Hold on to your restraining bolts Android fans, because Amazon's one-panel tablet may be heading your way in the second half of 2011, according to online rumors. The purported device is reportedly being made by Taiwanese manufacturer Qanta and will have an LCD screen made by E Ink Holding, the company behind the Kindle's display. Amazon may have high hopes for the new tablet and monthly orders for the device could go as high as 700,000 or 800,000 at peak season, according to DigiTimes.
Talk of an Android tablet has been gaining steam ever since the online retailer launched its Appstore for Android in March. Few rumors have surfaced discussing the specifications of the rumored tablet such as its screen size or storage capacity or what type of processor it would have. Most people expect Amazon to use Android as the tablet's operating system since the company has invested in its new app store. But it's not clear whether Amazon would use Honeycomb or the forthcoming Ice Cream Sandwich.
Beyond the specs, one thing that most critics agree with is that an Amazon tablet would have deep integration with Amazon's digital retail business. This would make it a worthy challenger to Apple's iPad 2 and the iTunes universe. Just like Apple, Amazon can provide its tablet users with a large music store, a wide selection of movie and television rentals and purchases, a curated app store, and a killer selection of e-books through the Kindle Store.
There are also rumors that Amazon may forego the native Android look for a highly customized experience similar to Barnes & Noble's color Nook, according to gdgt. That may mean Amazon's tablet won't have native Google apps such as Gmail or Google Voice, as accessing those apps requires a business deal with the search giant. That would be a shame since productivity apps from Google would complement Amazon's digital retail offerings.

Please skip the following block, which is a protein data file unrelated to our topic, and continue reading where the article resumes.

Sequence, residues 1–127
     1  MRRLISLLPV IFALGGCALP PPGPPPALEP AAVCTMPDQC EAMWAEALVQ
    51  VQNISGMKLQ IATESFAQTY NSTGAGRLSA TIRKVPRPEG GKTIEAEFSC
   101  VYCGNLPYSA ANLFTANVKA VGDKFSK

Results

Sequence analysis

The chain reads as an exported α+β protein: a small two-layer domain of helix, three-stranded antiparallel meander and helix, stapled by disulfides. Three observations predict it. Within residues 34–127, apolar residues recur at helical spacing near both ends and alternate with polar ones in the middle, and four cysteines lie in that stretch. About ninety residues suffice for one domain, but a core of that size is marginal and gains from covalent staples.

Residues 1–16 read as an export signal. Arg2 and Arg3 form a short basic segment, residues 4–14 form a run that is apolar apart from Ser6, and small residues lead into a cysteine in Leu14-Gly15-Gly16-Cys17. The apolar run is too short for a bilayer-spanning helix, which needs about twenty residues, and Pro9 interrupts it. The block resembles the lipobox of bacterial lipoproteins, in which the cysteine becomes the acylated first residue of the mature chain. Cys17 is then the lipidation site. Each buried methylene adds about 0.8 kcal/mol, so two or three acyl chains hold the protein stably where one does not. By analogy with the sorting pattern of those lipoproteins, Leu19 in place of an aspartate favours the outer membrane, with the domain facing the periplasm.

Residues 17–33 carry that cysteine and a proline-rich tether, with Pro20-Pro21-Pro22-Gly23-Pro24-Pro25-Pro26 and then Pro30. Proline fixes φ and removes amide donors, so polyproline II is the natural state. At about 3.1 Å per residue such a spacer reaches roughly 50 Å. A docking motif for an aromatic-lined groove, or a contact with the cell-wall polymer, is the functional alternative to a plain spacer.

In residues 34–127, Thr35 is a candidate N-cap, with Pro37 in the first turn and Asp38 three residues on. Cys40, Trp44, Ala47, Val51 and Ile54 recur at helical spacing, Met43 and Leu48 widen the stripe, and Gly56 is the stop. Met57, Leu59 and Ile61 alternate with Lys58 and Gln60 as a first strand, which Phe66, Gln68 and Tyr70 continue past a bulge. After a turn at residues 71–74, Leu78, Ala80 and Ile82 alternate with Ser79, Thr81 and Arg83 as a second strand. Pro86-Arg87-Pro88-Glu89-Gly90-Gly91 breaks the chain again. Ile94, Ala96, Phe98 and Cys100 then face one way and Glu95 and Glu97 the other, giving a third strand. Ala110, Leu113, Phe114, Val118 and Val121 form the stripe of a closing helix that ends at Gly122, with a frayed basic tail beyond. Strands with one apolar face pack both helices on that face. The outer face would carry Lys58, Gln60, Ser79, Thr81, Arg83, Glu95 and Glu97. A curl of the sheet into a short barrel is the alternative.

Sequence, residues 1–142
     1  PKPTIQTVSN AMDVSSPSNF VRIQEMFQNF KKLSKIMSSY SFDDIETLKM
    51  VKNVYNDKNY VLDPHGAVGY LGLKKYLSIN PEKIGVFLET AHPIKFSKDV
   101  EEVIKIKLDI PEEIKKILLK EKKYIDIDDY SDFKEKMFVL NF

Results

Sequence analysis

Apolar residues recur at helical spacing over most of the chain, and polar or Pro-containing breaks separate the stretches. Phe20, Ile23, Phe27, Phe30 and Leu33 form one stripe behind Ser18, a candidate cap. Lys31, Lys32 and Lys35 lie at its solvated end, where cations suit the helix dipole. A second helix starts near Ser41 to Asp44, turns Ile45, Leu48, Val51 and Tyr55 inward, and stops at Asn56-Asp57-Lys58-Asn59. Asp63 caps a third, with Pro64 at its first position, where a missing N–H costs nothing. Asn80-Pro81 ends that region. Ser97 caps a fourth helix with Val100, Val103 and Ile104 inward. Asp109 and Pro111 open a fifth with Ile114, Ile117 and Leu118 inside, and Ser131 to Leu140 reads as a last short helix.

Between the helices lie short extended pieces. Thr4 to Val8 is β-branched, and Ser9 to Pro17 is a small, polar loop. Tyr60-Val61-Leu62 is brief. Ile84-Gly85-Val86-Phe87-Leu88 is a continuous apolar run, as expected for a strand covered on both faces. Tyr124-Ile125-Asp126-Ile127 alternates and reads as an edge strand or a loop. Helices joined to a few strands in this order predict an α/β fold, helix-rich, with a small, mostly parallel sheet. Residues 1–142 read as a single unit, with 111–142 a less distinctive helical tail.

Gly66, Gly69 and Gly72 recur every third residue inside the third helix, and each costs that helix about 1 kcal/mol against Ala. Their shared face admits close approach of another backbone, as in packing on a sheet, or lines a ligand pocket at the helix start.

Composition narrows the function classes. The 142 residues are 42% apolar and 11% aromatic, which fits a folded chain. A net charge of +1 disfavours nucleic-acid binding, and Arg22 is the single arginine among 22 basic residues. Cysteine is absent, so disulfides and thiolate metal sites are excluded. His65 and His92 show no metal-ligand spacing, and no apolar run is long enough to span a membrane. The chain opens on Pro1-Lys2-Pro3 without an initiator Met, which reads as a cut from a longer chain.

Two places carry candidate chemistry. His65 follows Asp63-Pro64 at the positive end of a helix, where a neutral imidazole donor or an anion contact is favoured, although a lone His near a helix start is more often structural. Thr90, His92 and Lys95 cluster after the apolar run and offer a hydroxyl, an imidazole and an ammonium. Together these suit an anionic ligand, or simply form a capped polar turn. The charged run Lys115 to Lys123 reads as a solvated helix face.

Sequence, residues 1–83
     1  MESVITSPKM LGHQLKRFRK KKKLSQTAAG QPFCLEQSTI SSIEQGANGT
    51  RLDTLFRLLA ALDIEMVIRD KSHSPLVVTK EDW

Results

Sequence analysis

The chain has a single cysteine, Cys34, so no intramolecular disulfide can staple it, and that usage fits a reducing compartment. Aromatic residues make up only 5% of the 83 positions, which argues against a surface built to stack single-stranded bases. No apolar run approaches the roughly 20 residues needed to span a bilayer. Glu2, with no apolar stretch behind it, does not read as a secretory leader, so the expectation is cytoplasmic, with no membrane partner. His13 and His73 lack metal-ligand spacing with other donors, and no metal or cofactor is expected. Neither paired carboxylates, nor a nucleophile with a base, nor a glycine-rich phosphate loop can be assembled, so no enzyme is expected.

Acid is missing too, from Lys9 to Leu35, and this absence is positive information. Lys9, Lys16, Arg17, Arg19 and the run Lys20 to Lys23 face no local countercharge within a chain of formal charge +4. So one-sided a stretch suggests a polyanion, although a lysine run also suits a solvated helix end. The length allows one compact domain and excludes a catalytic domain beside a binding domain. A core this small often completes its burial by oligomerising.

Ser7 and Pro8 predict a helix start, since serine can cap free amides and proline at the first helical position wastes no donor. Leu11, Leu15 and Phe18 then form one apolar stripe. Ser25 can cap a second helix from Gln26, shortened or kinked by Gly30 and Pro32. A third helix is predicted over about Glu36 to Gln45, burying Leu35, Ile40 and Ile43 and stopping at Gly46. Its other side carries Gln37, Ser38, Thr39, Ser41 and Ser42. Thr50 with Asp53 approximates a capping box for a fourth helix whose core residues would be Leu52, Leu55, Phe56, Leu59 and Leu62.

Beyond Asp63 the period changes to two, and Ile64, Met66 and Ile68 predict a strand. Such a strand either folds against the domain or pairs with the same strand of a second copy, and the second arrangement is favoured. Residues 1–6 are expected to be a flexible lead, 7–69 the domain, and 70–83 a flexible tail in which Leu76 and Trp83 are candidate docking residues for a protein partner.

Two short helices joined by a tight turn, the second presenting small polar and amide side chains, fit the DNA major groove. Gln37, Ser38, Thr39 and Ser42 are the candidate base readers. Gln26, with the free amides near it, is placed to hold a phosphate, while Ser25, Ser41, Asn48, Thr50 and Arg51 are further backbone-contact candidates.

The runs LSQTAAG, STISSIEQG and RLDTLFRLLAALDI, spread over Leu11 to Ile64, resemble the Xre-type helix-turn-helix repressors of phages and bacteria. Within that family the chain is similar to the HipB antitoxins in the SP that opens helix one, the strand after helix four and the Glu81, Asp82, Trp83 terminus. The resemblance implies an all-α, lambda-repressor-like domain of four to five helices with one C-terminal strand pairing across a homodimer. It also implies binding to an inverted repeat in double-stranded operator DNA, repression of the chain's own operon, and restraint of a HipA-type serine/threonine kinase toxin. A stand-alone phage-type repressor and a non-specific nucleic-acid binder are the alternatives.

Of course, the big question with an Amazon tablet is how that would affect the company's e-reader business with the Kindle. DigiTimes says that while the e-reader does well in North America and Europe it is not a popular device in the rest of the world. That may lead Amazon to cut the price of the Kindle even further, DigiTimes says. Recently, Amazon unveiled an ad-sponsored Kindle that sells for $114, which is $25 cheaper than the $139 Kindle.
It's also worth remembering that a US launch doesn't necessarily mean an international launch would follow any time soon - it took the Kindle nearly two years to make it out of the US.
Amazon's isn't the only hotly rumored tablet expected to appear in the coming months. Lenovo may also be hard at work on a new Android-based ThinkPad tablet.